Patricia Boyd took a trip to Africa that transformed her life. While there she saw how the people lived in joy without the material-ness of American society. She noticed that they used every bit of anything they had. Nothing goes to waste. She listened to their stories, and when she returned home, she knew she had to share what she experienced through her art, the way she knew she could express these inspirations the best.
She grew up creative in a creative family. Her grandfather built houses, and he always added his own artistic twists. She didn’t realize till she was older how significant that was in a world where houses tend to be cookie cutter boxes repeated over and over. Her grandfather inspired her to make everything special, unique and beautiful. Patricia loved to make jewelry, but he parents convinced her that she couldn’t make a living making jewelry, so when someone said, “You’re a nice person, why don’t you be a nurse,” that’s what she did, but her creative passion was always there.
Her trip to Africa refreshed her creative urges and inspired her to use that burning talent she has to create gourds that would reflect the hearts of the people she saw there. She saw that in Africa, people don’t through anything away. There were no trash trucks or big dumps and recycling centers. The people just used and reused everything. For Patricia, this translated to her using the parts of gourds that other gourd artists throw away. She developed an amazing way to create vibrant, passionate faces using egg gourds and paper clay. The faces silently express the thoughts of the person they represent almost telepathically. Her vibrant use of color and texture bring their stories to life.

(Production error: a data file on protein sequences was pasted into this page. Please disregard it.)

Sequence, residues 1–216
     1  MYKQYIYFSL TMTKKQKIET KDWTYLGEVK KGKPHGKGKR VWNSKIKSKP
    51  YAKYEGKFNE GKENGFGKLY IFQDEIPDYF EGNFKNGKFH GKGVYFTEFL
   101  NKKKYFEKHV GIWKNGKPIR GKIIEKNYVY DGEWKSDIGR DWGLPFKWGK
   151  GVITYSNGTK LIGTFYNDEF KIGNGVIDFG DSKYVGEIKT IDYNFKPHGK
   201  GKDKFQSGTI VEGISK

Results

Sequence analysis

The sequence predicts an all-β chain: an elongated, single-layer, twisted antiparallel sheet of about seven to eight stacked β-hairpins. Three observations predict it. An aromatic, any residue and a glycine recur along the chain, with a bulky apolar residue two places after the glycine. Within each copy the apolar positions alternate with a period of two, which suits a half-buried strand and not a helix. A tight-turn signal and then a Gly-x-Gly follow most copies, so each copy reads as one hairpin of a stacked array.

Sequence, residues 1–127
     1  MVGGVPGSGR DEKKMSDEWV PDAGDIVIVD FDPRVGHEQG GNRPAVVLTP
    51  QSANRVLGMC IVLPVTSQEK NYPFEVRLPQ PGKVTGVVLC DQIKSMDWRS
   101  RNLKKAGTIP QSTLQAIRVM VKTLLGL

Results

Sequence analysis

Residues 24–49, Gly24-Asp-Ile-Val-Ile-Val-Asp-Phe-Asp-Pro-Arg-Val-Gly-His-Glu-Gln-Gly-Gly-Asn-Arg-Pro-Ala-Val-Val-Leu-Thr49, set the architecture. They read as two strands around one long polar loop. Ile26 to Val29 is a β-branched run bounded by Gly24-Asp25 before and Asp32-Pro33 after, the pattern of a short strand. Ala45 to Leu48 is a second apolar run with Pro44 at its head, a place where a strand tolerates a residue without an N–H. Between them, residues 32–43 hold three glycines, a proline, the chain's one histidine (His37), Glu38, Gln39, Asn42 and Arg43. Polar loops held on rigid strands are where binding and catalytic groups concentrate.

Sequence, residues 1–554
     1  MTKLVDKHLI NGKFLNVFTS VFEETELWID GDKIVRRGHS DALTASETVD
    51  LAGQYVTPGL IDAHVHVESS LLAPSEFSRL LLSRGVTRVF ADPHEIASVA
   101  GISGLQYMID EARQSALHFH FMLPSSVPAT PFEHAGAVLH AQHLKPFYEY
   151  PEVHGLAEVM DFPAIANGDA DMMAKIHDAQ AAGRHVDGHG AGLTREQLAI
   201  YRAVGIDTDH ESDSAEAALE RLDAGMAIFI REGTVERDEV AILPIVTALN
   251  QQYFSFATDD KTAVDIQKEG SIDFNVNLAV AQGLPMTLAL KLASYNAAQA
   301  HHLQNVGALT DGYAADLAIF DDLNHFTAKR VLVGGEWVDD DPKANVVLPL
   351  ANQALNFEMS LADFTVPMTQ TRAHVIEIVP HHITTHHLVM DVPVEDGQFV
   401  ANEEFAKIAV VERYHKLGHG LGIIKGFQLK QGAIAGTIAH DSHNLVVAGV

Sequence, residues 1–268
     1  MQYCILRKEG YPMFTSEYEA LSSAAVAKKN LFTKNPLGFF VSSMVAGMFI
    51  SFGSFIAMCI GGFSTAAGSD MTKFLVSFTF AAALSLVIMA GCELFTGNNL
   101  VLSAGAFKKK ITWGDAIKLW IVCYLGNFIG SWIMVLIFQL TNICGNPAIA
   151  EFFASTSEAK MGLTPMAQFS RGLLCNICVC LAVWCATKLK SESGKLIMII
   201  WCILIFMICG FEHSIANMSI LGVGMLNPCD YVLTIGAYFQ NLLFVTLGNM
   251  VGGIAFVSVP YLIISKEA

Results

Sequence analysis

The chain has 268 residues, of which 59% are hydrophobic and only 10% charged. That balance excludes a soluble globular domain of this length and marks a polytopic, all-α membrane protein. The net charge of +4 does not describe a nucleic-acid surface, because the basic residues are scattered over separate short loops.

Of her future, she’d love to have her work in the Smithsonian and the Getty, and she deserves to be there. But more importantly to her, she would love for the people of Africa to see her work and how she brings their stories to the world.
I have included below pictures of some of the gourds she has already sold. Seeing the gourds in this work is a challenge since these lovely sculptures take on a life of their own.
“I see gourds like individual fingerprints. As earth’s original vessels, each grows in its own unique form.
I want my work to tell a story and speak to your heart. . . .
"I see a potential in almost every gourd because there is so much you can do as you allow your imagination to be free.”